Shepley Metcalf, cabaret and jazz vocalist, treated her audience to a delightful set of relatively unknown songs from the 1930’s to the 1950’s at the Metropolitan Room on Saturday night. Celebrating the release of her third CD, Don’t Bother to Knock, Ms. Metcalf brought little known gems from the Great American Songbook to vivid life with a keen understanding of the relationship between the lyric and music. Calling herself an archeologist, she spoke about “going on a dig” for songs that have rarely been recorded since their debut, songs with compelling stories, clever word play and lovely melodies by some of the greats, including Johnny Burke, Jimmy Van Heusen, Burton Lane, Dorothy Fields, Irving Berlin and Cole Porter.
Ms. Metcalf is musically joined at the hip with her one man band, extraordinary pianist and arranger Ron Roy, and together they have a relaxed, easy style reminiscent of the big band era. Opening with "They Say" (Edward Heyman, Paul Mann and Stephen Weiss), a song that received a little bit of attention when Helen Forrest recorded it with Artie Shaw’s orchestra, Ms. Metcalf gives us a quirky rendition of a gal being crazy in love with someone who everyone else sees as a big jerk. In "You’re Not the Only Oyster in the Stew" (Harold Spina, Johnny Burke), she brings her own combination of intelligent wit and swing to a song made famous by Fats Waller. The lyrics are delicious, including the line “You’re not the only wrinkle in the prune.” And she sings "Walk It Off" (Sidney Miller, Inez James) with sass.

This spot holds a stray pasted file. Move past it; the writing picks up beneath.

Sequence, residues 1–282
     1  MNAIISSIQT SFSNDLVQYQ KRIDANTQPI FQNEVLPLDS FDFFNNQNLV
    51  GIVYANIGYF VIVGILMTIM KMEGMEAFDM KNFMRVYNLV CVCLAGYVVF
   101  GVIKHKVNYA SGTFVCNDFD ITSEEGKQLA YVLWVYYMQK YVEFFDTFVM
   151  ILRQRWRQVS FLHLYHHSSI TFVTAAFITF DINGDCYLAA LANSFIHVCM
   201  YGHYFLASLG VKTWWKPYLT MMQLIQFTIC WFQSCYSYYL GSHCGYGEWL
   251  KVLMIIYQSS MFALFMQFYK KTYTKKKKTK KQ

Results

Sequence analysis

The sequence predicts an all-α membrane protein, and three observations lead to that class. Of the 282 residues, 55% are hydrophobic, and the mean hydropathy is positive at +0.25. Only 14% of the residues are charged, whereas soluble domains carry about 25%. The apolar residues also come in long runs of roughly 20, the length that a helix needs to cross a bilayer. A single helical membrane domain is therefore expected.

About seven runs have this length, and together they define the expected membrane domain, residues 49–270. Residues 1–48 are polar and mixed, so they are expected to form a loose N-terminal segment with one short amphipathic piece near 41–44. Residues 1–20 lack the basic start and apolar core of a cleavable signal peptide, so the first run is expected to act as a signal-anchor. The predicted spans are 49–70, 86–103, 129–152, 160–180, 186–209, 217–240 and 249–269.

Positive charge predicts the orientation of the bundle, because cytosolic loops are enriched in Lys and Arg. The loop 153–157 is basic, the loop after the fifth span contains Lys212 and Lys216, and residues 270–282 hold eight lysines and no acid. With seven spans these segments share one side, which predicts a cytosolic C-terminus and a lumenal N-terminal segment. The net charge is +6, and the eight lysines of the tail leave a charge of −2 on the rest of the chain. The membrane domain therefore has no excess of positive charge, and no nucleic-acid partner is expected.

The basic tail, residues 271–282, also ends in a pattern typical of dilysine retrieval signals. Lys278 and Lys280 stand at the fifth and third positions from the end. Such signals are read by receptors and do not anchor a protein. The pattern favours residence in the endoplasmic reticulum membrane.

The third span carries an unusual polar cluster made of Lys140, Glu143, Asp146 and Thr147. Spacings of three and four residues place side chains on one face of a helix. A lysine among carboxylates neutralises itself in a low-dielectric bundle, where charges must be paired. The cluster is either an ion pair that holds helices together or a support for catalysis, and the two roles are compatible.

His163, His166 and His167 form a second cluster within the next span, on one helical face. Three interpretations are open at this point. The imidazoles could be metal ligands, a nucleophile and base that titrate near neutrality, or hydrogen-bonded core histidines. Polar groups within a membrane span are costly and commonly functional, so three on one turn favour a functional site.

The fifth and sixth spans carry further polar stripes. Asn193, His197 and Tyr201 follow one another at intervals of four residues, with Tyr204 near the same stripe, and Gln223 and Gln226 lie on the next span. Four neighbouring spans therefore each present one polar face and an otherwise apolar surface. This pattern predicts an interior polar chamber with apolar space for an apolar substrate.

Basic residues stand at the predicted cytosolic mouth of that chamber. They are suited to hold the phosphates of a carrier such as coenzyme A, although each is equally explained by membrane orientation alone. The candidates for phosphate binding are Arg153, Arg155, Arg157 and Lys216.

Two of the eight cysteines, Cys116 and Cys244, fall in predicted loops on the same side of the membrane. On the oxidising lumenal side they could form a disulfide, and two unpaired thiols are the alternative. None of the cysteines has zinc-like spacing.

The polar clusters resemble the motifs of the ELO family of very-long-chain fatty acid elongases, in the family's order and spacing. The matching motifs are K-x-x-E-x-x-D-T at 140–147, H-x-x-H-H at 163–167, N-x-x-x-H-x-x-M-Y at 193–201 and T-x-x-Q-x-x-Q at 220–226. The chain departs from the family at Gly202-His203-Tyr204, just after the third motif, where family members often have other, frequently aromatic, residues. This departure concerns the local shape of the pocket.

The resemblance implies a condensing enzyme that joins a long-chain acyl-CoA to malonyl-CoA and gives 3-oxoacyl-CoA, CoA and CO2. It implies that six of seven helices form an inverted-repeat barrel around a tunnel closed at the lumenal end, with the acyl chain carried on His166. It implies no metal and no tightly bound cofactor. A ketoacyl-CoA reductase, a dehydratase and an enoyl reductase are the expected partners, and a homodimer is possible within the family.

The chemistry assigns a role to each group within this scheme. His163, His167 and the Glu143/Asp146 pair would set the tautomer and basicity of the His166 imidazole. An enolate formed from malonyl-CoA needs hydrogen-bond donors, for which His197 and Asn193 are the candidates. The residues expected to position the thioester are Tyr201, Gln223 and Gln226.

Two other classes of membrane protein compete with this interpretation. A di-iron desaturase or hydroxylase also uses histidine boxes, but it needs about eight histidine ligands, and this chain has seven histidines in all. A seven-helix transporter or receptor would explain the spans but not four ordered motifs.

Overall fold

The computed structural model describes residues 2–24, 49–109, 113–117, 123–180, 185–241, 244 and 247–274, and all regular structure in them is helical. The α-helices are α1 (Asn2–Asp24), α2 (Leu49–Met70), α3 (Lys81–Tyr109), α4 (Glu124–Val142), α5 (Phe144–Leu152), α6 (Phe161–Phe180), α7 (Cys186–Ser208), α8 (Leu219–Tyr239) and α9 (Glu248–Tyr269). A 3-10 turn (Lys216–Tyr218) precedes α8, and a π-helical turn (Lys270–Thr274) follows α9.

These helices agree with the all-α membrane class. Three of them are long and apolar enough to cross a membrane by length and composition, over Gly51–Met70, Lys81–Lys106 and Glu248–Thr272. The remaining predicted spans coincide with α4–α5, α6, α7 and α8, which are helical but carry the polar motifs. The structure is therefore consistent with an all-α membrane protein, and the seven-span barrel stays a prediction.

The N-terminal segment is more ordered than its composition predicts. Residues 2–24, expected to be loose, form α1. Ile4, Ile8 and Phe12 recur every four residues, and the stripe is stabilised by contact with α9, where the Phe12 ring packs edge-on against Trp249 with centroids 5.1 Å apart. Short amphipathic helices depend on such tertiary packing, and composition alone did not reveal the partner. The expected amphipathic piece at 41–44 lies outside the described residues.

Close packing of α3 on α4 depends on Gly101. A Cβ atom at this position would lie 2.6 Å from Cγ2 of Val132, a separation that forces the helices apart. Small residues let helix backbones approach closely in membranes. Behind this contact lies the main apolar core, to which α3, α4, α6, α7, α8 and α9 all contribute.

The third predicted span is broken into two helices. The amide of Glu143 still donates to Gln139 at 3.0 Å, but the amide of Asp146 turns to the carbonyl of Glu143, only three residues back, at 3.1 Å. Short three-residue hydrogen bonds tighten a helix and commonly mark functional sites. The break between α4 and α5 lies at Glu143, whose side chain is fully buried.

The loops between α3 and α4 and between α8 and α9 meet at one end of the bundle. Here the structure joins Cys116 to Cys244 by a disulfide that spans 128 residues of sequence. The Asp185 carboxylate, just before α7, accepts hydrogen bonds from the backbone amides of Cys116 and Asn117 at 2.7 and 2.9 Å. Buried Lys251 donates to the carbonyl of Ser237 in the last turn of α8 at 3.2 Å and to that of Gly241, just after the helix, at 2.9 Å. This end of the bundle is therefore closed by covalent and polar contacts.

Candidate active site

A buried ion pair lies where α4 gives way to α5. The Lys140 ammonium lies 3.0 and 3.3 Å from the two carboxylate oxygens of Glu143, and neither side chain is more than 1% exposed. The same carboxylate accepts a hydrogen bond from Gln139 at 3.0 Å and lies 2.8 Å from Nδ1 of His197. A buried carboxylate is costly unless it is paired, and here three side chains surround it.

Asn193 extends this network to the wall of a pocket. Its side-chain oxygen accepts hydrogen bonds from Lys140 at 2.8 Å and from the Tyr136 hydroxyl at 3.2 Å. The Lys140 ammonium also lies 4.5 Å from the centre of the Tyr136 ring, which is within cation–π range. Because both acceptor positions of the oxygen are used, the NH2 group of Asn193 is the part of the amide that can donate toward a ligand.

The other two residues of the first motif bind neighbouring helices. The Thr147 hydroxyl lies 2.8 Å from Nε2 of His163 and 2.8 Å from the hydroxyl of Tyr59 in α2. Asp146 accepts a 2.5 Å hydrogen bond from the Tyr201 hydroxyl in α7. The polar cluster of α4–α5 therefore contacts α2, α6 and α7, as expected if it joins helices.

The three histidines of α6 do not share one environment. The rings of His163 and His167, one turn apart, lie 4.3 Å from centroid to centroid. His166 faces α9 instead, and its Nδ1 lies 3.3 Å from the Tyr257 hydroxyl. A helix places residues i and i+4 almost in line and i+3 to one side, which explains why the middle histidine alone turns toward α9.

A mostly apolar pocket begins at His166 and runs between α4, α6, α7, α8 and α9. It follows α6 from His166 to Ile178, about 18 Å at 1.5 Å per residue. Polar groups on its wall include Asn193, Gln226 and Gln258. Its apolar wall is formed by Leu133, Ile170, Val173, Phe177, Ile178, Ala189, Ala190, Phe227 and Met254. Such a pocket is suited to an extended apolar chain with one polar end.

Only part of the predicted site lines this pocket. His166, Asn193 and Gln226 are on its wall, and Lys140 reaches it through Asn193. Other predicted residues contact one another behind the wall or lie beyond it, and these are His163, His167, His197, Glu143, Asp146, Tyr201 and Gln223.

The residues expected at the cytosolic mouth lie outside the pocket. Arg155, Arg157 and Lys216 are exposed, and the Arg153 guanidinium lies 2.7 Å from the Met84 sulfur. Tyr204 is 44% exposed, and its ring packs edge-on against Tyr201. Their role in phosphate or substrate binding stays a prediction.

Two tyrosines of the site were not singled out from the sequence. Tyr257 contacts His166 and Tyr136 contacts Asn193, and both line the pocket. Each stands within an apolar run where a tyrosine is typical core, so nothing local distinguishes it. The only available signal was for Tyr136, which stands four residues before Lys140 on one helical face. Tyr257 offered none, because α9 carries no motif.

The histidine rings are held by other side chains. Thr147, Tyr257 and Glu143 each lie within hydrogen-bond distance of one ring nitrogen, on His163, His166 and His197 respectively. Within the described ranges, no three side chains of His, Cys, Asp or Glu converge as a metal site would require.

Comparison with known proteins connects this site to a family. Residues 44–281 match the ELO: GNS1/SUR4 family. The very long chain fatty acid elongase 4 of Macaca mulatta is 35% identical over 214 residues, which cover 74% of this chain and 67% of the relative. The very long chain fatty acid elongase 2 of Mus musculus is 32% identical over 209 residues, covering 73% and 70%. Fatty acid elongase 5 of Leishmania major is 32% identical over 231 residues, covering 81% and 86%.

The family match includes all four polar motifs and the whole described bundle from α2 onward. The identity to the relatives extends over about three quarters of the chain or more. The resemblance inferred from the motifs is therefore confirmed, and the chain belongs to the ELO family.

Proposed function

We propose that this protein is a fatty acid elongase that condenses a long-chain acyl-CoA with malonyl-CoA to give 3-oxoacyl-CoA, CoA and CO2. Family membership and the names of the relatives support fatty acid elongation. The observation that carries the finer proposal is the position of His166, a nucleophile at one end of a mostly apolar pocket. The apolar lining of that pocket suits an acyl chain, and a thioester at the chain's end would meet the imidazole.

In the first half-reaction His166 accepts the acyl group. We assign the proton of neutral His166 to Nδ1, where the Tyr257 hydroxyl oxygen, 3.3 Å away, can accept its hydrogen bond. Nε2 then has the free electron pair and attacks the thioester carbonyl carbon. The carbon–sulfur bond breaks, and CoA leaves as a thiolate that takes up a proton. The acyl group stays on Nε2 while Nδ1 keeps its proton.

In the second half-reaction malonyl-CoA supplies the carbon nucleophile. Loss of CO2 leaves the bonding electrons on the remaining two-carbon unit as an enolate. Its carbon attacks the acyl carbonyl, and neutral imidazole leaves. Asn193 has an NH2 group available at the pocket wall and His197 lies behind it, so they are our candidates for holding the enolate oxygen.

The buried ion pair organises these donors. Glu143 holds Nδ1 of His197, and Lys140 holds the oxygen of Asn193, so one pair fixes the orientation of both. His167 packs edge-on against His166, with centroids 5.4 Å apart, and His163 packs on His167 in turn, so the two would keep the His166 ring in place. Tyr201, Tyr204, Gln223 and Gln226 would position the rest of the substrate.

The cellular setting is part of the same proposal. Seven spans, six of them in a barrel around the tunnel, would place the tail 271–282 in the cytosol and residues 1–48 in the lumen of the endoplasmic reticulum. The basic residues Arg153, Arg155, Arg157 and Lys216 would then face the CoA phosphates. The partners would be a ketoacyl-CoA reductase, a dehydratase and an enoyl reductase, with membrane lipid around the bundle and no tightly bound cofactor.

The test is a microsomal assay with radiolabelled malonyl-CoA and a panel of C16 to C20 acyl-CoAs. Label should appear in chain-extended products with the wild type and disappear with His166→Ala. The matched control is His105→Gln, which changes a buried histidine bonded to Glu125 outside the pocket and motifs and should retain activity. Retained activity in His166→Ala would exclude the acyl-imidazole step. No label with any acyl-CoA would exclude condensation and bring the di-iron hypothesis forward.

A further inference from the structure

Possessing a velvety voice with a ragged edge, Ms. Metcalf sings expressively, bringing to each song the authenticity of a woman who’s experienced life’s ups and downs. Her achingly beautiful interpretation of Cole Porter’s "Who Said Gay Paree", a song cut from his musical Can-Can and only recorded by Cole himself, was given an equally heartbreaking arrangement by Mr. Roy, who wove in strains of the familiar "I Love Paris". Another ballad Ms. Metcalf brought heartfelt simplicity to was "Have You Forgotten So Soon" (Edward Heyman, Sam Coslow, Abner Silver), which she dedicate to all who have taken the risk to love and got dumped. It was great to hear a couple of songs neglected jazz singer Annette Hanshaw sang in the 30’s, especially "I Gotta Get Myself Somebody to Love" (which was featured in the critically acclaimed animated film Sita Sings the Blues) and "My Future Just Passed", written by Richard Whiting, Margaret Whiting’s father. The real find of the evening, however, was not a love song, but a life song of reflection, "Through the Windows of Cars", written by Roy Kral and Fran Landesman. Perfectly crafting each lyric, Ms. Metcalf took the audience on this striking song’s contemplative journey.
Here’s hoping that Shepley Metcalf continues to be a song sleuth, unearths more forgotten gems and she and Ron Roy share them with us all.